Peer evaluations are an important aspect of the review of teaching and teaching performance. “Faculty must be continually engaged in discussing teaching in order both to nurture new teachers into the community of teacher-scholars and to render the process of making personnel decisions (who gets hired, who gets tenured, who gets merit pay, and the like) more open and more informed by reasoned decisions that consider teaching seriously. The idea is then in the spirit of both continuous quality improvement and the practice of self-regulation within professions” (Van Note Chism, 1999, p. 6). Peer evaluation of teaching can be both formative and summative. Peer evaluators of teaching are expected to share feedback to improve teaching (formative) and to provide an evaluation of teaching for use in administrative or collegial decisions (summative). This document will focus on summative peer evaluations.
a) Formative Evaluation
Information gathered from the proper evaluation of teaching may be used for formative purposes to assist with instructional development and improvement. A more developmental approach to evaluation involves “faculty members creating teaching portfolios, dossiers, and self-evaluations that describe teaching strengths and accomplishments while participating in faculty development programs” (Redmon, 1999). Informal formative peer evaluations and comments from classroom observations can assist faculty in their development as teachers. Formative techniques of evaluation can also help teachers assess their success with trying new teaching approaches or techniques in the classroom. A formative evaluation process “describes activities that are to provide teachers with information that they can use to improve their teaching. The information is intended for their personal uses rather than for public inspection . . . The information should be rich in detail so that teachers can obtain clear insights on the nature of their teaching strengths and weaknesses” (Van Note Chism, 1999, p. 3.). Formative peer evaluations may include video-taping lectures and reviewing them with a more experienced teacher to determine ways to improve in the classroom. Another example of formative peer evaluation may include working with small groups of teachers or with a mentor to share information and insight on teaching. There can be great value from the interaction between teacher and reviewer as the reviewer can also learn through the process. Departments and colleges are encouraged to support this experiential approach to instructional development.
b) Summative Evaluation
For summative purposes, evaluation of teaching is associated with collegial decision-making processes including tenure, promotion and salary review, right of first refusal and for review of academic programs. “Summative evaluation of teaching focuses on information needed to make a personnel decision . . . Consequently, the information is for public inspection . . . it is often more general and comparative in nature than data for formative evaluation” (Van Note Chism, 1999, p. 3). Most universities advocate that peer evaluations form an essential part of the evidence to assess a candidate's teaching effectiveness (Yon, Burnap and Kohut, 1999).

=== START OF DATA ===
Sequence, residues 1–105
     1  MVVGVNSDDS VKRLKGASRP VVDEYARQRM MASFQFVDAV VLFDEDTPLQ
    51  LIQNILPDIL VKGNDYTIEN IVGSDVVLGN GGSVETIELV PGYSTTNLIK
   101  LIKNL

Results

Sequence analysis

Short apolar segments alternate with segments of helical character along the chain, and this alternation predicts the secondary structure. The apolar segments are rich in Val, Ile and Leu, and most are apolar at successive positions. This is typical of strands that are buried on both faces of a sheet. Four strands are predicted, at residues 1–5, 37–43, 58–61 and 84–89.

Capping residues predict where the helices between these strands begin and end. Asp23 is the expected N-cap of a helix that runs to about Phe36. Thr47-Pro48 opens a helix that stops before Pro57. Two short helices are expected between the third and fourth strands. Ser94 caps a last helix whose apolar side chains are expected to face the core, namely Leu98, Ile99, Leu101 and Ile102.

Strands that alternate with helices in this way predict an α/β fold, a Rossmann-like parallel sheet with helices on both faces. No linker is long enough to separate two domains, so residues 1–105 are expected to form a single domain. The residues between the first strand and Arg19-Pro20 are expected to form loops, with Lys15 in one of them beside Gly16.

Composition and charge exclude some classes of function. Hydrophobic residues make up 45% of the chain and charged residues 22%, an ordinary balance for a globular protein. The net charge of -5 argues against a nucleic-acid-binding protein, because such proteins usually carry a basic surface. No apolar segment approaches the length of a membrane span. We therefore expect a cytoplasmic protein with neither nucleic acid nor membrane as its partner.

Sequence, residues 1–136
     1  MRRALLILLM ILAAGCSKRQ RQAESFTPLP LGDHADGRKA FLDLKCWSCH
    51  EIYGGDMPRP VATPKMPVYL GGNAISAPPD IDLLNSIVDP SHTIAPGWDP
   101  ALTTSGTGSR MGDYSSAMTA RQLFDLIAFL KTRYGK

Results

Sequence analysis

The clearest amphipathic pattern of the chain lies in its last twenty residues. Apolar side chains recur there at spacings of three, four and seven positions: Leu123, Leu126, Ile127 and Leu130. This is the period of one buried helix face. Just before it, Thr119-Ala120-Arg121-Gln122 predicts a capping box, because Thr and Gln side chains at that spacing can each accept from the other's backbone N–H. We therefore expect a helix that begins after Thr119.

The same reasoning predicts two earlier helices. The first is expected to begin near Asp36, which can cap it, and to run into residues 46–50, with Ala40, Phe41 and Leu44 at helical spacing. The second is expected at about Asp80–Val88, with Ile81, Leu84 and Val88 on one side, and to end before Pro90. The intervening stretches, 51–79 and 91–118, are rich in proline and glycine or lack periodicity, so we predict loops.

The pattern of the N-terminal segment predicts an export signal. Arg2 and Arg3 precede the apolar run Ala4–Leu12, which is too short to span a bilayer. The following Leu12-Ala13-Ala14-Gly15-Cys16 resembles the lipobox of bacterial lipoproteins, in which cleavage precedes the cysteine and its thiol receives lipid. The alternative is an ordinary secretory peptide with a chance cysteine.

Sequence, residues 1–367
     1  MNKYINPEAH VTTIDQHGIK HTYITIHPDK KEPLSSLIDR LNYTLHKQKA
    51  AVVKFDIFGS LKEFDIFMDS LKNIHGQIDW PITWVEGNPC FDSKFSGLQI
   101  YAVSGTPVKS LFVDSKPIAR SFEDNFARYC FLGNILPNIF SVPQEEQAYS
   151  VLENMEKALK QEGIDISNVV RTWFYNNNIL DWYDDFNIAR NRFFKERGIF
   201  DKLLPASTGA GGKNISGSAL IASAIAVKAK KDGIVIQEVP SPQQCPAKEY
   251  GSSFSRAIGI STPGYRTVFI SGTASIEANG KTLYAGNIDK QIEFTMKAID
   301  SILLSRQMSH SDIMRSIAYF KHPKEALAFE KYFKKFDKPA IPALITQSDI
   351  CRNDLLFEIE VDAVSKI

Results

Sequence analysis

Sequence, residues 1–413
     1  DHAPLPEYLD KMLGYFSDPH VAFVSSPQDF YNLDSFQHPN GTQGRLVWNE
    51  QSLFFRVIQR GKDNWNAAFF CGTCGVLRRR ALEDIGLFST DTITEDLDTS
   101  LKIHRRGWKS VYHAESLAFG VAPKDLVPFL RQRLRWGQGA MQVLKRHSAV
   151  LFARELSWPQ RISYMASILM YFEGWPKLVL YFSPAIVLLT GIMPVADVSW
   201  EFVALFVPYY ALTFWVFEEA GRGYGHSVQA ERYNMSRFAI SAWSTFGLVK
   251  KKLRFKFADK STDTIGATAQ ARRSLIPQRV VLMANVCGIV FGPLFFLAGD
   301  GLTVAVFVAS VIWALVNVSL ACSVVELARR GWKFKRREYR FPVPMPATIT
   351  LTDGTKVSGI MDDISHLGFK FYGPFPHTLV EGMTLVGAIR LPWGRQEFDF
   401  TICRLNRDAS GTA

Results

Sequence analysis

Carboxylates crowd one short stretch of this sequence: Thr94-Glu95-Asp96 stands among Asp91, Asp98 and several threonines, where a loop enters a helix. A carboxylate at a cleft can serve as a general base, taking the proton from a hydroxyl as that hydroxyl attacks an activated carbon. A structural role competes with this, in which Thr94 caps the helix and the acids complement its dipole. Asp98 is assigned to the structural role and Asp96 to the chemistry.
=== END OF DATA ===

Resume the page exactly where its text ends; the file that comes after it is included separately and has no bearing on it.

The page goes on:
Summative peer evaluation can include formative aspects although the primary purpose shall be to provide evidence for career decision points. The formative aspects of peer evaluation can include the meeting between the teacher and reviewer to discuss the evaluation process. Another formative portion of peer evaluation is the written assessment following the completion of the review that should be shared with the teacher. Alternatively, we recommend that the department head or dean meet with the candidate to advise them of the outcome and share suggestions on ways to improve teaching. In most evaluation processes, the sharing of outcomes with participants completes the feedback loop and forms an important part of the learning process for all concerned.
Assessment of teaching performance should be based on a series of evaluations of a candidate's teaching performance and teaching materials over a period of time. The peer evaluation will consider all aspects of teaching and evidence of performance. Peer evaluations should be obtained on an ongoing basis.
Role of Evaluation Reviewers
For the purpose of peer evaluation, the peer reviewers should be based in the same department or non-departmentalized college, wherever possible, as the teacher being evaluated. Peer reviewers need not be content experts. It is recommended that reviewers be tenured department or college members or associate members whose rank is equivalent to or higher than the candidate's. “Reviewers should make sure that they are appropriate judges. If there are conflicts of interest, . . . personality conflicts between the reviewer and the colleague being reviewed, . . . or if there are other compelling reasons why the reviewer cannot do a thorough and fair job, that reviewer should request to be excused from the review “ (Van Note Chism, 1999, p. 33). The teacher being reviewed should also identify potential conflicts of interest. Reasonableness and common sense should prevail in such matters.